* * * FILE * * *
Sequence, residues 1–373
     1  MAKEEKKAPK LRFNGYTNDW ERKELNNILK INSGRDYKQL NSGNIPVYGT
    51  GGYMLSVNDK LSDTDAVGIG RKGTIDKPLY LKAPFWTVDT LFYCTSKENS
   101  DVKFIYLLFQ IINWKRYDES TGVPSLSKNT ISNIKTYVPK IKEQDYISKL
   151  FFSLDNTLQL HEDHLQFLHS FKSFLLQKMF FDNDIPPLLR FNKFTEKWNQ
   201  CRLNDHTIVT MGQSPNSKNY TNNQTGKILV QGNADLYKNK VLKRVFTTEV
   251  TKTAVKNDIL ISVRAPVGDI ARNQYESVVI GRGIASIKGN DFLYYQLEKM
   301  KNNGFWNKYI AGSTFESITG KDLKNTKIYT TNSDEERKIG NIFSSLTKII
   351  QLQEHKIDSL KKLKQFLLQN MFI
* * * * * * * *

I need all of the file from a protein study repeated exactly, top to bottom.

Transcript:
Sequence, residues 1–373
     1  MAKEEKKAPK LRFNGYTNDW ERKELNNILK INSGRDYKQL NSGNIPVYGT
    51  GGYMLSVNDK LSDTDAVGIG RKGTIDKPLY LKAPFWTVDT LFYCTSKENS
   101  DVKFIYLLFQ IINWKRYDES TGVPSLSKNT ISNIKTYVPK IKEQDYISKL
   151  FFSLDNTLQL HEDHLQFLHS FKSFLLQKMF FDNDIPPLLR FNKFTEKWNQ
   201  CRLNDHTIVT MGQSPNSKNY TNNQTGKILV QGNADLYKNK VLKRVFTTEV
   251  TKTAVKNDIL ISVRAPVGDI ARNQYESVVI GRGIASIKGN DFLYYQLEKM
   301  KNNGFWNKYI AGSTFESITG KDLKNTKIYT TNSDEERKIG NIFSSLTKII
   351  QLQEHKIDSL KKLKQFLLQN MFI